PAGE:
The provision for income taxes is determined in accordance with ASC 740, “Income Taxes”.  Deferred income tax assets and liabilities are recognized for future tax consequences attributed to differences between the financial statement carrying amounts of existing assets and liabilities and their respective tax basis. Deferred income tax assets and liabilities are measured using enacted income tax rates expected to apply to taxable income in the years in which those temporary differences are expected to be recovered or settled. Any effect on deferred income tax assets and liabilities of a change in tax rates is recognized in income in the period that includes the enactment date.

The Company regularly assesses the likelihood that the deferred tax asset will be recovered from future taxable income.  The Company considers projected future taxable income and ongoing tax planning strategies, then records a valuation allowance to reduce the carrying value of the net deferred income tax assets to an amount that is more likely than not to be realized.

13. 
Subsequent Event

As discussed in “Note 8 – Long Term Debt”, we have three Warrants outstanding (held by Mr. Lampson, the estate of Mr. Rettig, and Mr. Ferguson, a member of our Board of Directors) which expired on May 8, 2012. The Warrants provided for the purchases of up to an aggregate of 150,000 shares of the Company’s Common Stock at $1.50 per share.  Each of the Warrants were not exercised and expired on May 8, 2012.
Forward-looking Statements
Certain statements contained within this report may be deemed "forward-looking statements" within the meaning of Section 27A of the Securities Act of 1933, as amended, and Section 21E of the Securities Exchange Act of 1934, as amended (collectively, the "Private Securities Litigation Reform Act of 1995").  All statements in this report other than a statement of historical fact are forward-looking statements that are subject to known and unknown risks, uncertainties and other factors, which could cause actual results and performance of the Company to differ materially from such statements.  The words "believe," "expect," "anticipate," "intend," "will," and similar expressions identify forward-looking statements.  Forward-looking statements contained herein relate to, among other things,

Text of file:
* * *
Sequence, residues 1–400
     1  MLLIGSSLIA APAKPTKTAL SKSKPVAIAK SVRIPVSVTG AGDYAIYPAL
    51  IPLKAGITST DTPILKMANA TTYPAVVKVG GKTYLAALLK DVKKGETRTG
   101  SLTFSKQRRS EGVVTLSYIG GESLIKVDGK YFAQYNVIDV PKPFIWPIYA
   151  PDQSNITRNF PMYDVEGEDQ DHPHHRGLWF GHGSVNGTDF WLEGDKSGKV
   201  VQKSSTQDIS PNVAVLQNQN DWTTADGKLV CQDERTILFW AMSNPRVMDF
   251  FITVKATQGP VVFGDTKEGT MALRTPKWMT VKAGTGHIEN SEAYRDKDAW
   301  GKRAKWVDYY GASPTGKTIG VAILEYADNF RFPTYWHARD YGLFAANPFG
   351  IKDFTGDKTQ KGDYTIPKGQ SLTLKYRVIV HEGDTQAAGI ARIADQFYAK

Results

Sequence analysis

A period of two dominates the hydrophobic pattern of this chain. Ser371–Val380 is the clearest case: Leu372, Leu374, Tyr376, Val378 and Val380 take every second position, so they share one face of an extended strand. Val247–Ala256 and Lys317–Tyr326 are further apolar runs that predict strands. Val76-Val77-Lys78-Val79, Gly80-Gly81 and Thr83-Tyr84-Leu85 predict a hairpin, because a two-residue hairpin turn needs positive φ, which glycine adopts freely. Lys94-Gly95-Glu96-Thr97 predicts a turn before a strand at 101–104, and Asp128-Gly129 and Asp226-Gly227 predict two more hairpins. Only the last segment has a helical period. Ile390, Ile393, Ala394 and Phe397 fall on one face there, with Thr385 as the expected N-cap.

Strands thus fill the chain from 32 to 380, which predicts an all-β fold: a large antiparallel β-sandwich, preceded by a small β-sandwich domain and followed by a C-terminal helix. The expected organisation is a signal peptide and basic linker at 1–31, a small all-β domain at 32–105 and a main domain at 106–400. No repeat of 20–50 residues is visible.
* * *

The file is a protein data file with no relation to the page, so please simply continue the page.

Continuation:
demand for our services subject to fluctuations;
 
funding by the federal government;
 
goals;
 
ability to improve operations;
 
receivables are normally considered collectible within twelve month;
 
we anticipate meeting our financial covenants in remaining 2012;
 
ability to close and remediate certain contaminated sites for projected amounts over the projected periods;
 
ability to fund expenses to remediate sites from funds generated internally;
 
collectability of our receivables;
 
ability to fund budgeted capital expenditures during 2012 through our operations and lease financing;
 
our cash flows from operations and our available liquidity from our line of credit are sufficient to service the Company’s current obligations and current obligations resulting from the acquisition of SEC;
 
 
24

 
 
continue to take steps to improve our operations and liquidity and to invest working capital into our facilities to fund capital additions to our segments;
 
due to the continued uncertainty in the economy and changes within the environmental insurance market, we have no guarantee that we will be able to obtain similar insurance in future years, or that the cost of such insurance will not increase materially;
 
we could be subject to fines, penalties or other liabilities or could be adversely affected by existing or subsequently enacted laws or regulations;
 
as our operations and activities expand, there could be an increase in potential litigation;
 
our inability to continue under existing contracts that we have with the federal government (directly or  indirectly as a subcontractor) could have a material adverse effect on our operations and financial condition;
 
demand for our services will be subject to fluctuations due to a variety of factors beyond our control;
 
investment of working capital;
 
seasonality and the government’s budget process;